What are the rules, habits, cultures, situations, and structures that help “you do you” in the most gratifying ways?  Who are the people and what are the circumstances that help you thrive or that shut you down?

Most of us don’t give these questions enough thought. Nor do we think enough about what we might be doing or promoting that diminishes another’s opportunity to thrive.

There’s a lot of talk about systemic and structural impact, but in this individualistic culture and with our psychological habit of fundamental attribution error (our tendency to assign blame and responsibility to individual actors rather than to consider how circumstances might be driving their behaviors), we consistently undervalue the extent to which the structures we build around ourselves determine our behaviors and outcomes.

Here are some recent, seemingly unrelated examples that made me think about how systemic impact shows up everywhere:

  • A few weeks ago I experienced an episode of trans global amnesia (TGA). TGA is not dangerous in the long run but it’s incredibly scary; your brain temporarily loses the ability to create new memories so you can’t record any new thoughts or track time. It resembles a stroke and is pretty uncommon so doctors and nurses have to scramble to rule out possibilities and figure out what’s happening. From the time I went to the ER to the to the time I got an MRI and met with my primary doctor, I interacted with over 20 medical professionals. With only one exception, they were thoughtful, attentive and demonstrated genuine desire to help. But their ability to impact my overall experience was limited by the medical system they were in. A system that provided no clear or easy ways for them to share information with each other or with me. When I handed one doctor some paperwork from the ER explaining that it didn’t seem to contain much that was useful, she said, “No this is gold! Just seeing the language they use is more than I usually get. Carry these with you wherever you go!”  Over several days, I never saw any provider more than once; three of them expressed quiet frustration about this, a combination of resignation and panic in their eyes as they sent me off to the next phase of things. With the help of my own google research, we all ultimately put the pieces together. But I was acutely aware that each person I interacted with, no matter their intentions or desire to follow through with me, could only provide the level of care that the system enabled.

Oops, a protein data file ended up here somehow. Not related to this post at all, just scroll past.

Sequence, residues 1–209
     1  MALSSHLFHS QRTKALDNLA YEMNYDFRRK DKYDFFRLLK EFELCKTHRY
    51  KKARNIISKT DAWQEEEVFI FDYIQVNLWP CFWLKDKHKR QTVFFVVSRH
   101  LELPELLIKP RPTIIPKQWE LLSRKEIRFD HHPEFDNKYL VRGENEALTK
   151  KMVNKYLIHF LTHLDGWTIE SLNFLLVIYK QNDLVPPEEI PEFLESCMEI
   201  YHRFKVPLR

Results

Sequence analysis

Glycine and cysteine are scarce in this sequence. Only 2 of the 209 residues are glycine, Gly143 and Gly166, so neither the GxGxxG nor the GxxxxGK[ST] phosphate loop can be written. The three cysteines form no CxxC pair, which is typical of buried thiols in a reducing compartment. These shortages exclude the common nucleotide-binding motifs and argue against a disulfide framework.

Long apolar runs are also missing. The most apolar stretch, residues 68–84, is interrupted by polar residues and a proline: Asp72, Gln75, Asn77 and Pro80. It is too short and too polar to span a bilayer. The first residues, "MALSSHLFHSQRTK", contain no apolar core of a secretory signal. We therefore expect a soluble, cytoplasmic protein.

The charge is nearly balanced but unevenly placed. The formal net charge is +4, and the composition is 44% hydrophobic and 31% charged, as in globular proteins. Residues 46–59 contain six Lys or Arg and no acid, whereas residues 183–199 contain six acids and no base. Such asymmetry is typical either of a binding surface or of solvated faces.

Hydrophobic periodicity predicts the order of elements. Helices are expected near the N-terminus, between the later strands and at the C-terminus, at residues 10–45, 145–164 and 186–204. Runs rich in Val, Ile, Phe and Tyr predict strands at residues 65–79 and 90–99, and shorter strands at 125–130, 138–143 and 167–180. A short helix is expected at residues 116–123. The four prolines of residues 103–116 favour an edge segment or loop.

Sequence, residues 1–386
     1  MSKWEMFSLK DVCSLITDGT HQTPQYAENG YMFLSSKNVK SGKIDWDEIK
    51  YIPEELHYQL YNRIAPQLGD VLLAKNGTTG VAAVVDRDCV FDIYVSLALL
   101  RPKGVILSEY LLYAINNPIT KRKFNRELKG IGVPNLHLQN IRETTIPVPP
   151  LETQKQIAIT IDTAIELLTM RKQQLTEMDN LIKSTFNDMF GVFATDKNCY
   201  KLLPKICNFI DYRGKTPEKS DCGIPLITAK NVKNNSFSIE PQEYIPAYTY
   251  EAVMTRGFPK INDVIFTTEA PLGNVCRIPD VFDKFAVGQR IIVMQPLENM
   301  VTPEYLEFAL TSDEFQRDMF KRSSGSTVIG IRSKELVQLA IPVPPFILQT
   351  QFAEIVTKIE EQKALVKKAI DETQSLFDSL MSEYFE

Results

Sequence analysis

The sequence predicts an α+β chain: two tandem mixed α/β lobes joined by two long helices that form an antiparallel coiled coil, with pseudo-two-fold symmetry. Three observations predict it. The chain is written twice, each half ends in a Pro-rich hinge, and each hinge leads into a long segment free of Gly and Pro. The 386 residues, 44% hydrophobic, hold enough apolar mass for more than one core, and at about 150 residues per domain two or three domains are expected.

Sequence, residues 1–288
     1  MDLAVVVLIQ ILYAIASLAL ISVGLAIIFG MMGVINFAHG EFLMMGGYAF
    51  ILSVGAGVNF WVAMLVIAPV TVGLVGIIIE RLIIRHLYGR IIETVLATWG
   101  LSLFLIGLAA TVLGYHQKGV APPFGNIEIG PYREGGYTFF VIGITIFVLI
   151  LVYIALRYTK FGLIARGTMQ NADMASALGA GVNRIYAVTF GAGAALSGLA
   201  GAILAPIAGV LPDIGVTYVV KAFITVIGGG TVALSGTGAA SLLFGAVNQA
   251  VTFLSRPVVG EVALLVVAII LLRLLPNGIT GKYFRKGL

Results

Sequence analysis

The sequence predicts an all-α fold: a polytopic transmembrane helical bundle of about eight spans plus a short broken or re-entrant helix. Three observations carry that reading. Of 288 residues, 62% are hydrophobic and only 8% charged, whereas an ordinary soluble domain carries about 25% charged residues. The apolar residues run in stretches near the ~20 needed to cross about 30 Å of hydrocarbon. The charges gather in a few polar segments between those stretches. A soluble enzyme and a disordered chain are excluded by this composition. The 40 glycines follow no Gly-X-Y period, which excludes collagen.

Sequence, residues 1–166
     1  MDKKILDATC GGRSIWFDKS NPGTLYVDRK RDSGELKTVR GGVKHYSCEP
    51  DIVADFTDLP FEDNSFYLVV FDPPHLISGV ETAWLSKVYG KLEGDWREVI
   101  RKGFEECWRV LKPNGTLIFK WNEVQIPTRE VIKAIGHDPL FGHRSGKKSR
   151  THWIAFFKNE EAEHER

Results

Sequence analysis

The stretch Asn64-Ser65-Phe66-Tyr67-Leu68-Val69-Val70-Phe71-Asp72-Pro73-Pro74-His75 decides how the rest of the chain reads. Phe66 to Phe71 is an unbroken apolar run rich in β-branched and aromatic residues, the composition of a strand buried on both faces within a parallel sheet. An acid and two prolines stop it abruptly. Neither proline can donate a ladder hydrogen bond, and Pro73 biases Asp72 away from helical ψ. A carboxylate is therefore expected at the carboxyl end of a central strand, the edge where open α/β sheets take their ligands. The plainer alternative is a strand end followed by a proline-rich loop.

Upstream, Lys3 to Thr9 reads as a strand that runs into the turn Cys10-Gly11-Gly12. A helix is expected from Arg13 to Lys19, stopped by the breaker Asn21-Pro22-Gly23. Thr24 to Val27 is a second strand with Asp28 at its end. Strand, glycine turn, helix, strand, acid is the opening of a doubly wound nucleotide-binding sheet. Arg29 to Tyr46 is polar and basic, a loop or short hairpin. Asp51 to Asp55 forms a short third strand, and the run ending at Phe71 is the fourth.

• A recent HBR article by Ruchika Tulshyan and Jodi-Ann Burey called “Stop Telling Women they Have Imposter Syndrome” has been wildly popular. Imposter syndrome is a common topic in my work. I wrote a blog about it years ago that included the assertion that one reason we experience imposter syndrome is that we are trying to be productive and valuable in environments that are mis-aligned with our values, good instincts, communication style, etc. We are not conditioned to look at systems critically, we are conditioned to look at ourselves critically. So we internalize the disconnect we feel with “the way things are” and “the way people do things around here” as imposter syndrome; as a shortcoming in us rather than questioning the processes and systems that define the culture we’re in.  This questioning is something leaders need to do more of and they need to make such questioning safe for those they lead.


  • In my wonderful, nerdy book club, we read Giovanni’s Room by James Baldwin. We discussed the main character at length; his bad behavior, his careless treatment of people he cares about. I was surprised by how long our conversation went on without addressing the world this man inhabits. We discussed his behavior in isolation, his choices as character flaws, without acknowledging that this is a man at war with himself because the family and culture he wants to belong to reject who he knows himself to be; a gay man in the 1950s. Would he behave differently if he could be true to himself and also be accepted? Of course! This is a mistake we make over and again. In our performance measurement, our judicial system, in our instinctive reactions to people around us—we blame, doubt and question individuals without considering the extent to which the various systems we move through either limit or enable good or bad intentions, plans and habits.


  • Things got nicely summed up when I was listening to Brené Brown’s Dare to Lead podcast with James Clear. In his book Atomic Habits, he asserts, “We do not rise to the level of our goals, we fall to the level of our systems.”

It’s a necessary practice to pause and consider the culture, the context, the rules and norms, the unseen processes always at play. Under what conditions were they created? Who and what do they serve? How do they impact me and others? These questions slow us down, interrupt habitual thinking, engender compassion and steer us towards more inclusivity.

Ultimately we all fall to the level of our systems.